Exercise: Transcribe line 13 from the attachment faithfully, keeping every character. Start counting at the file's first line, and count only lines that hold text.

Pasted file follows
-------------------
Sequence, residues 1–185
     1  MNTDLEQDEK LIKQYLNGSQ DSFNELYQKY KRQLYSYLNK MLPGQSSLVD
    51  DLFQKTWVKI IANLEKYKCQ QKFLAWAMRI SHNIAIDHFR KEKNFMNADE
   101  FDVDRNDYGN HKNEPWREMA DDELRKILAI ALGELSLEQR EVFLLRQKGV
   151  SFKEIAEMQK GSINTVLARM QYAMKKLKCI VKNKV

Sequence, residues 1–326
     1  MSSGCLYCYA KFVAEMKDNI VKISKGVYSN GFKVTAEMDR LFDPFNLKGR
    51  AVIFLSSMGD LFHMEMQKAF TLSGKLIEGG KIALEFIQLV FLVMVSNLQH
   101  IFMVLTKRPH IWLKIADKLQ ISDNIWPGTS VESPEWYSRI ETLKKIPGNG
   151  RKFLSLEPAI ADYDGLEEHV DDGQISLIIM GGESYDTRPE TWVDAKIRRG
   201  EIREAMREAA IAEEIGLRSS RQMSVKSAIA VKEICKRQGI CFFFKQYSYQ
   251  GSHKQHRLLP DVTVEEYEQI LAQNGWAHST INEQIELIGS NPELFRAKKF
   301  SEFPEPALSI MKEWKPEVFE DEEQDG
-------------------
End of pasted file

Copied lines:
   301  SEFPEPALSI MKEWKPEVFE DEEQDG